As a very young child I wanted for nothing. Everything was provided by my mother. When mom was pregnant with me, my parents separated and dad had little to no dealings with the family. So, mom raised us as a single mother. She cooked, cleaned, cared for us and held down a job so we wouldn’t be hungry or homeless. She was indeed an incredible woman.
I remember her voice, her touch, even her smell. A gifted story-teller, I loved to listen to her. She had a way with voice inflection that was simply unmatched. It’s a wonder I’m not a “Goth” seeing she introduced me to Edgar Allen Poe when I was just about four years old. I remember many nights after her reading to me either from a book or a scary story from her own imagination, being afraid to go to bed. She’d let me crawl into bed with her. I’d snuggle real close. Sleeping with her made me feel so safe.
I remember her straightening my hair on Easter Sunday so I could get all dressed up and go to grandma’s house. She’d put hair-grease on the back of her hand with a cigarette dangling from her mouth she’d meticulously get every hair on the edge of my head. ( You know in my “Kitchen.” Smile) I’d hold my ears down so as not to get burned by the hot comb. It was to no avail, because she’d slap my hands away and tell me,”I’m not gonna burn you child.”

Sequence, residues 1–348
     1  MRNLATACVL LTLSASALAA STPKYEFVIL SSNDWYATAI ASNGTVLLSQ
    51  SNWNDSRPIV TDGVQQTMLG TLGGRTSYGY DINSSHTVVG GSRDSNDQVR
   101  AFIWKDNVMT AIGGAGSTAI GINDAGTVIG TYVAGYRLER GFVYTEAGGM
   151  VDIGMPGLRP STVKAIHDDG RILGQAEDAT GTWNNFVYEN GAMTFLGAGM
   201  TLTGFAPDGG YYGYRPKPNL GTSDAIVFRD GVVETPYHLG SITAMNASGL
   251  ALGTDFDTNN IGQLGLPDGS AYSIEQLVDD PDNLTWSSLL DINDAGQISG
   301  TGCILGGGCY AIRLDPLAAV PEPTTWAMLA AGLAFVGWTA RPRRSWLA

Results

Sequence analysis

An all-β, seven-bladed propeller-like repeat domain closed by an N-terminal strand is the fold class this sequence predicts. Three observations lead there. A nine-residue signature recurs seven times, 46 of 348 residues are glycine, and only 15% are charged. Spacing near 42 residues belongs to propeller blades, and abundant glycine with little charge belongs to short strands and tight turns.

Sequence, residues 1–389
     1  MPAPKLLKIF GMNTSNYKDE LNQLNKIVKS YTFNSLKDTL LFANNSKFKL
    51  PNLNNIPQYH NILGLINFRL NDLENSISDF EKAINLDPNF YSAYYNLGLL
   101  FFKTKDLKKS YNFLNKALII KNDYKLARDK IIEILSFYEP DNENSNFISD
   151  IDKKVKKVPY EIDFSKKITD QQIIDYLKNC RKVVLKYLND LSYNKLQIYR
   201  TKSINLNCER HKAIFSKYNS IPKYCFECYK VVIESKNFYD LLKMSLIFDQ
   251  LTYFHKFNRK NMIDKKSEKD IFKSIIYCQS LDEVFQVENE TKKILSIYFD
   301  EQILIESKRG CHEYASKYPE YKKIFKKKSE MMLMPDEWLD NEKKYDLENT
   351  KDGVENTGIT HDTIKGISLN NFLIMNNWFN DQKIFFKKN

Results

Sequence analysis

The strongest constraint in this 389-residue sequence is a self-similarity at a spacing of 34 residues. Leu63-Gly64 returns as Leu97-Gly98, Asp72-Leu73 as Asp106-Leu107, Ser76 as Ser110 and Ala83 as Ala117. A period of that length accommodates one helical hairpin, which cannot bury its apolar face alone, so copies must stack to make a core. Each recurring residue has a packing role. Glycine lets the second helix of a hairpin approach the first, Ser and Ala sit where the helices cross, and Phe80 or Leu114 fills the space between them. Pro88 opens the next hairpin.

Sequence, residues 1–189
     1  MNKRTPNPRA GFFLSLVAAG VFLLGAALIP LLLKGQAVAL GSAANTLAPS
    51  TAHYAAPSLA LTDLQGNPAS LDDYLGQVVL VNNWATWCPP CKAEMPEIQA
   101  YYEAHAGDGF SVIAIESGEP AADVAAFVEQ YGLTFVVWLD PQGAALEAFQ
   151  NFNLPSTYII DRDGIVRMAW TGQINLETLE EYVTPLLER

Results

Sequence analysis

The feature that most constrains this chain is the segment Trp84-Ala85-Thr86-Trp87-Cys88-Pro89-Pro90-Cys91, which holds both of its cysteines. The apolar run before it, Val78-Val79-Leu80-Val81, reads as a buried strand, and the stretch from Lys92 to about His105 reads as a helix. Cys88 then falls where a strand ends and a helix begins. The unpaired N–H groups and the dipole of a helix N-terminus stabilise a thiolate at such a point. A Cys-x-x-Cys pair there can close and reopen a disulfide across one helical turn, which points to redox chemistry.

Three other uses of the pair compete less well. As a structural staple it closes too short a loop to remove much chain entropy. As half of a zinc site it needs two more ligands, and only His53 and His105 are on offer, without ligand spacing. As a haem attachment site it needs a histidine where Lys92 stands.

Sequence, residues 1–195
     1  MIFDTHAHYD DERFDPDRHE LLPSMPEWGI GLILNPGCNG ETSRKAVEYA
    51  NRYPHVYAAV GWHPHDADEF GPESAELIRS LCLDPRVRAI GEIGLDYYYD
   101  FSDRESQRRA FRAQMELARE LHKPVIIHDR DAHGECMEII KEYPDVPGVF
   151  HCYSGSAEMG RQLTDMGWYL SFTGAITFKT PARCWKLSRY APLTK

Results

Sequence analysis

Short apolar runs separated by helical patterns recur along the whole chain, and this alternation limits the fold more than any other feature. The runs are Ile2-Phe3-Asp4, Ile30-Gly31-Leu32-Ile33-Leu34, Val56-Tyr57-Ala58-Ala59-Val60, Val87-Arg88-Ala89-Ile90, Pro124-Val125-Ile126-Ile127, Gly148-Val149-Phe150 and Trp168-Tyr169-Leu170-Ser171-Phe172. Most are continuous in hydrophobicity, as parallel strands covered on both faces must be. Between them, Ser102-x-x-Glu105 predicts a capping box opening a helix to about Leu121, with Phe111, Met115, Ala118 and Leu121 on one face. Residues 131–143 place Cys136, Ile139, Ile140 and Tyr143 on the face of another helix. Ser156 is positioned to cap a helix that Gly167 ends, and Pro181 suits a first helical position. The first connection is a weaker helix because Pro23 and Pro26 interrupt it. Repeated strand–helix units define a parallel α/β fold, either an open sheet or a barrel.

I remember learning to cook under her tutelage. I’m not even half the cook she was. Oh the joy I’d get watching her beat cake batter by hand and laughing as her hips moved in rhythm. How I find myself today mimicking those moments as I whip cake batter or stir up cornbread mix.
Dancing at my wedding, holding my children for the first time, praying with me, and even on occasion crying with me; all of these memories and many more will have to sustain me until I see her again. I look at my daughter and granddaughter, and once in a while I’ll see my own reflection in the mirror and I remember Momma.
Happy Mother’s Day!
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